Monkey Coffee vs. Cat Poop Coffee

Monkey coffee has the perfect amount of acidity that most coffee connoisseurs would describe. The caffeine content depends on various factors that affect all coffee beans: the variety of coffee grown, roasting and brewing method. Arabica beans account for the majority of monkey coffee, and these have less caffeine than robusta coffee beans. Also, the longer the beans are roasted, the more caffeine is burned off, so dark roasts contain less caffeine than light roasts. Typically, monkey coffee is found in light to medium roasts. 

Don't confuse monkey coffee with "monkey" branded coffee. The animal is often used as a brand name in the coffee market, but rarely paired with real monkey parchment coffee. 

Monkey coffee must be stored properly to maintain its freshness. Keep it in a cool, dark and dry place in an airtight container. A pantry or cupboard away from heat sources is a good location. Moisture and humidity can degrade the coffee beans, so avoid storing coffee in the refrigerator or freezer.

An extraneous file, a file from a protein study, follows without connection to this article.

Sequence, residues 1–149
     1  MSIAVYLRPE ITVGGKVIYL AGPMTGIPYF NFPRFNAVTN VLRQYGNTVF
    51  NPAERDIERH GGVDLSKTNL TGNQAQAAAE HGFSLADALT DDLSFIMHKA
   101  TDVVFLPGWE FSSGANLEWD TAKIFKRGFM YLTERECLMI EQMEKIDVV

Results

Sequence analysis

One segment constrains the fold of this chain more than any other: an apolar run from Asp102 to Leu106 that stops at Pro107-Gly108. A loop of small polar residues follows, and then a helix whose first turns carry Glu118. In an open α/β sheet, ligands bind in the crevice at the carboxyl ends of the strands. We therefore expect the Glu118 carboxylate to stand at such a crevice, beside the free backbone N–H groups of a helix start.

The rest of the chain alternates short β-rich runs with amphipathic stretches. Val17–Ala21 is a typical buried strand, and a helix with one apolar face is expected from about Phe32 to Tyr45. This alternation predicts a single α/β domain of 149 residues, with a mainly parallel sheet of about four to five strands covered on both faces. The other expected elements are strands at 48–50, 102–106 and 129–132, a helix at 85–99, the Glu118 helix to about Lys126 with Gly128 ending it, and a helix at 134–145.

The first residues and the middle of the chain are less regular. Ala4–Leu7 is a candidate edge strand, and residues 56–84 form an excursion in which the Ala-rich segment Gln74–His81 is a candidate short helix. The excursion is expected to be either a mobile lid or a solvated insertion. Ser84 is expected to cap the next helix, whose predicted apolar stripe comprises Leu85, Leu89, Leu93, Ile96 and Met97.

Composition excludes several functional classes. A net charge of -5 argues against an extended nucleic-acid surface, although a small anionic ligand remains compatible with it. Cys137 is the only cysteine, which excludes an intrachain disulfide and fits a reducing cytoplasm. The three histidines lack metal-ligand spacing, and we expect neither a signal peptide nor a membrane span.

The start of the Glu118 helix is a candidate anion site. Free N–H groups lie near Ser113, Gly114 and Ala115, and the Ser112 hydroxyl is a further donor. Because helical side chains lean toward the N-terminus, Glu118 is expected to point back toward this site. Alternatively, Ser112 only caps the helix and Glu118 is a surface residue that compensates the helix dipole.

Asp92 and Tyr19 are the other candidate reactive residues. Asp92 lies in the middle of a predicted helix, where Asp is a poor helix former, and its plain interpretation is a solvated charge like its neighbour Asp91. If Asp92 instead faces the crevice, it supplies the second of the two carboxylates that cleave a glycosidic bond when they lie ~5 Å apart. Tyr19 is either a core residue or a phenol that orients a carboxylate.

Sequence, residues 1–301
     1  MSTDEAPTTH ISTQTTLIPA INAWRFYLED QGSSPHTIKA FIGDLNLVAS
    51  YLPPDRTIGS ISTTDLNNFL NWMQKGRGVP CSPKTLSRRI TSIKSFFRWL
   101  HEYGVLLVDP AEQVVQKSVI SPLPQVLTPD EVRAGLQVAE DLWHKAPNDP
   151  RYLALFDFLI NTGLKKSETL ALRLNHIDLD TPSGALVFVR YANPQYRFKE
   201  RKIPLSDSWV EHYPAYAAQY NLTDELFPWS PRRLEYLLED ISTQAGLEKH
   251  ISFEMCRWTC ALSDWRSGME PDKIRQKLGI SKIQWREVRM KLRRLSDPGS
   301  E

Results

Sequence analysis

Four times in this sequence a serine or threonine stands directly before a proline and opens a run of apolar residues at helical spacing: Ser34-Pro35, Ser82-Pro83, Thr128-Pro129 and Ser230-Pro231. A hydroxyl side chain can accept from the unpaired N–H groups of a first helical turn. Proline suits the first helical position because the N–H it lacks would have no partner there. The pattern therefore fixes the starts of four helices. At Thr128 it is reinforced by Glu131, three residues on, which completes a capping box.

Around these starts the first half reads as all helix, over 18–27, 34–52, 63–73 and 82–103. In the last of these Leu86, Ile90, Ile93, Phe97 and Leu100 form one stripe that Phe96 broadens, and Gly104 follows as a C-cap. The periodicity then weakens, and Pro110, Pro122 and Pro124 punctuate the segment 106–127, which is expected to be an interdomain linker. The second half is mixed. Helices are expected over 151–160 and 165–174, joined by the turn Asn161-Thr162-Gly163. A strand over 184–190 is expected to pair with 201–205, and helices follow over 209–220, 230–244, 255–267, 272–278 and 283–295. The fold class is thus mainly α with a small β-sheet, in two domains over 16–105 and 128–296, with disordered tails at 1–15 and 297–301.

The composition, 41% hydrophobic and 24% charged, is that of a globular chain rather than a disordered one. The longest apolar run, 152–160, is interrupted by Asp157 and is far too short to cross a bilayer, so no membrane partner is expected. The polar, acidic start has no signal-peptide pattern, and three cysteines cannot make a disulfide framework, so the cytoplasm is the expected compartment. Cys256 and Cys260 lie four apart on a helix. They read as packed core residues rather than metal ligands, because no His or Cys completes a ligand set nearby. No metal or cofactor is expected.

Kopi luwak, or civet coffee, also commonly known as "cat poop coffee". It's another animal-processed gourmet coffee bean that's rare and expensive, with a refined taste that normal coffee beans don't have.

Unlike monkey coffee, civet coffee beans do contain animal’s poop. They are eaten and digested by a catlike mammal called the Asian palm civet in Indonesia and then collected from its feces. As far as flavors go, both are smooth and rich. People who have tasted both types of coffee say the monkey parchment coffee has a deeper and more complex flavor.

Civet coffee is more readily available and not as expensive as monkey coffee. However, there have been reports of exploitation and abuse of captive civets in order to produce the coveted beans. There are also concerns that animal injuries could contaminate coffee beans, at least altering the taste. For this reason, it is best to seek out coffee from wild civet cats.